Alamo Lodge Plaque

Alamo Lodge #44 is the first and oldest Masonic Lodge in the City of San Antonio (Bexar County) and has a rich and unique history due to having been founded in the the historic Alamo, the Shrine of Texas Liberty. The lodge was granted a charter from the Grand Lodge of Texas on January 15, 1848 and is now honored by a plaque on the south wall of the Alamo’s Long Barrack.

In the 1840’s, troops returning from the Mexican War leased the Alamo to be used by the Quartermaster Corps for storing and shipping army supplies.  The quartermaster was Major James Harvey Ralston, who had served in both houses of the Illinois legislature with both Lincoln and Douglas.  Ralston was a mason as were many of the army officers and some local citizens.  Those masons, with Major Ralston as the prime organizer, formed Alamo Masonic Lodge. The lodge room was on the second floor of the Nun’s quarters also referred to as the long barracks.

alamo old

The Quartermaster Corp put the first roof on the Alamo Chapel and contracted with Joseph Kampmann, a German immigrant and builder, to rebuild the upper portion of the Alamo façade, which had been toppled by General Cos when he fortified the Alamo before being run out of town by Benjamin Milam, a brother mason, and his 300 volunteers in 1835.  Joseph Kampmann later became a member of Alamo Lodge and he and his wife are buried in the Alamo Lodge cemetery.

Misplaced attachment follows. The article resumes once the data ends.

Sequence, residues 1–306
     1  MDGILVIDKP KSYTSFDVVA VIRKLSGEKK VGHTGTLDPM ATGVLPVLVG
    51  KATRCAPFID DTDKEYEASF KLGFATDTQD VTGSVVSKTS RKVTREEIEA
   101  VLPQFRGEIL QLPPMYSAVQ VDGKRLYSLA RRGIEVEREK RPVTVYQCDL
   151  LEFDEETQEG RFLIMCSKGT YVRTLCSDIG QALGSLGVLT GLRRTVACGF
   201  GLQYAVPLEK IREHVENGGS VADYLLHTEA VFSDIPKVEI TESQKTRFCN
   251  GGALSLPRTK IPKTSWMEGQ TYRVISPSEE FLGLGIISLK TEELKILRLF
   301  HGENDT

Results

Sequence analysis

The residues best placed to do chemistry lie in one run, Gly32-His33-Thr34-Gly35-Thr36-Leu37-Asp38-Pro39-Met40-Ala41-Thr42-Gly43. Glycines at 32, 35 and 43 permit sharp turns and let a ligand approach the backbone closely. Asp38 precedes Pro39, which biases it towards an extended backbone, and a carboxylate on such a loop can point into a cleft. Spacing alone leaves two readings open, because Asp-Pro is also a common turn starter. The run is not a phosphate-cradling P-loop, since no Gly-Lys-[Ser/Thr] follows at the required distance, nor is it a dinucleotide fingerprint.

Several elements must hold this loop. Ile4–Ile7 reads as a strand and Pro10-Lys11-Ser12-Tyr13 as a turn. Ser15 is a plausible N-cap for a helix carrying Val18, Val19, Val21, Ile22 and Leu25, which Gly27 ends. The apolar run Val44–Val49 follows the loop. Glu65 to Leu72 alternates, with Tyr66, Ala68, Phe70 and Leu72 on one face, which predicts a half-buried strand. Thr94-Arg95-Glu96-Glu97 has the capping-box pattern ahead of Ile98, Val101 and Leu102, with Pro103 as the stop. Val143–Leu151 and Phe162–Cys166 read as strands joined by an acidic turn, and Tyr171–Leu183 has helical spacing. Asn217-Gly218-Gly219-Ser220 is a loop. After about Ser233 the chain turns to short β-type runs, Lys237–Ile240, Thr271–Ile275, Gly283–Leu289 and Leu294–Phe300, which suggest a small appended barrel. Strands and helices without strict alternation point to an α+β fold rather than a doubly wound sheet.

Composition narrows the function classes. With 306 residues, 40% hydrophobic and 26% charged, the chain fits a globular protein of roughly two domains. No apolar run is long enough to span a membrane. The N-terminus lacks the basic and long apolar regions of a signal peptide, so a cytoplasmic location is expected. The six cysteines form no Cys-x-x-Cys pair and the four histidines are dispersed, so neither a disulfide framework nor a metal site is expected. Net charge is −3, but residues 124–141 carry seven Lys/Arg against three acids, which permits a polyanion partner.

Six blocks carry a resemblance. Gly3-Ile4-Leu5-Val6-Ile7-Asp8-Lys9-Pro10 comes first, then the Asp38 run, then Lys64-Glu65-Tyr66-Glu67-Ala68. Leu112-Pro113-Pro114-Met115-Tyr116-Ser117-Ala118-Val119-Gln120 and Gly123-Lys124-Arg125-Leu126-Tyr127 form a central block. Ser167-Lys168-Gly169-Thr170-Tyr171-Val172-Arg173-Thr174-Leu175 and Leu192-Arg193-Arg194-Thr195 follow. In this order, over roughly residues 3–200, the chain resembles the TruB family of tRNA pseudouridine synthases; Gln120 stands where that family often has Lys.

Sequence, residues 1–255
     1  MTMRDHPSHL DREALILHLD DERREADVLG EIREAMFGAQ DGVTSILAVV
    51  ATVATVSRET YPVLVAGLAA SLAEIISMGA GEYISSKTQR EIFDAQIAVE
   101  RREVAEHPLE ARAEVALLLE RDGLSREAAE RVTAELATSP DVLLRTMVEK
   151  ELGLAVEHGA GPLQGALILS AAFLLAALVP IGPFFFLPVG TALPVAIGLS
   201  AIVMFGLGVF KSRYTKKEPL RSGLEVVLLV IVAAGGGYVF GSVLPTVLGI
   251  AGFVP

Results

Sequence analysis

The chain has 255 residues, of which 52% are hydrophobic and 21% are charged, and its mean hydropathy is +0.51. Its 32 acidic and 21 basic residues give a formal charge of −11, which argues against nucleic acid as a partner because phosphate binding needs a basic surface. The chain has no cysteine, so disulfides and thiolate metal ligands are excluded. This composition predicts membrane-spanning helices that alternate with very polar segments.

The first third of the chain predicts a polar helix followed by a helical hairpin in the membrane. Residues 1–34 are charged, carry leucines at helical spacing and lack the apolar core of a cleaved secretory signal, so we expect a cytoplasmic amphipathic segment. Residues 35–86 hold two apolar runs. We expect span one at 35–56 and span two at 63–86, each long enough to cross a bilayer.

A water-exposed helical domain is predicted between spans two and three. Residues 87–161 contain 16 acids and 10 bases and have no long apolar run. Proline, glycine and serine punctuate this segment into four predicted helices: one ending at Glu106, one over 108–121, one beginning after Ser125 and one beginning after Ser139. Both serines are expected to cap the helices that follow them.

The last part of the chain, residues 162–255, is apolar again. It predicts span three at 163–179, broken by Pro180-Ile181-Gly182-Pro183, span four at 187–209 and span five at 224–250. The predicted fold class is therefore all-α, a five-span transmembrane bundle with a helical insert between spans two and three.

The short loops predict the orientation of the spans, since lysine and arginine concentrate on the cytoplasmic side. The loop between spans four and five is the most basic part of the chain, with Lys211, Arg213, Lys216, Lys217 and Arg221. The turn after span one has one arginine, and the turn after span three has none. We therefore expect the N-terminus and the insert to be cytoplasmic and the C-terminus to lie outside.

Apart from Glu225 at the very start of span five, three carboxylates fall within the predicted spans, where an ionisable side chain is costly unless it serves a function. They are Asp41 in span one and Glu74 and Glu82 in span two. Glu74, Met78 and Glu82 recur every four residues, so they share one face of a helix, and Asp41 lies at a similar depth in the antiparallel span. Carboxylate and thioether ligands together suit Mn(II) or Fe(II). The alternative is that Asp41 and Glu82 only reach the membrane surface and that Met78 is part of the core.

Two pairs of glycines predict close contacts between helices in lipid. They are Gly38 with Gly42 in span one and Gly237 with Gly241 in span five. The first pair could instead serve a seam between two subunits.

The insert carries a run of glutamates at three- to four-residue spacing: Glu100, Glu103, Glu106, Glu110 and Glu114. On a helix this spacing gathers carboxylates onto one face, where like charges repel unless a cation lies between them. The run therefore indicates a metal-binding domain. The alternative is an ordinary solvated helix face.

In 1899 Clara Driscoll began her drive to save the Alamo and its grounds from being sold to a hotel company.  Ms. Driscoll and the other members of the Daughters of the Republic of Texas raised some of the money needed to save the Alamo, the rest of which Ms. Driscoll provided from her own funds and  by signing promissary notes.  A portrait of Clara Driscoll hangs in the Senate Chambers of the capitol in Austin along with that of Sam Houston.  Her portrait is titled “Savior of the Alamo”.  Clara Driscoll is buried in the Alamo Lodge cemetery in San Antonio.

Two past masters of Alamo Lodge #44 have served as Grand Masters of Texas: James H. McLeary (1881), and A. W. Houston (1914).

Masons at the Alamo included James B. Bonham, James Bowie, David Crockett, Almeron Dickinson, and William B. Travis.

Masons continued to play a significant leadership role in the Republic of Texas. According to The New Handbook of Texas: “Although constituting only about 1% of the population [of Texas], Masons filled some 80% of the republic’s higher offices. All of the presidents, vice presidents, and secretaries of state were Masons.”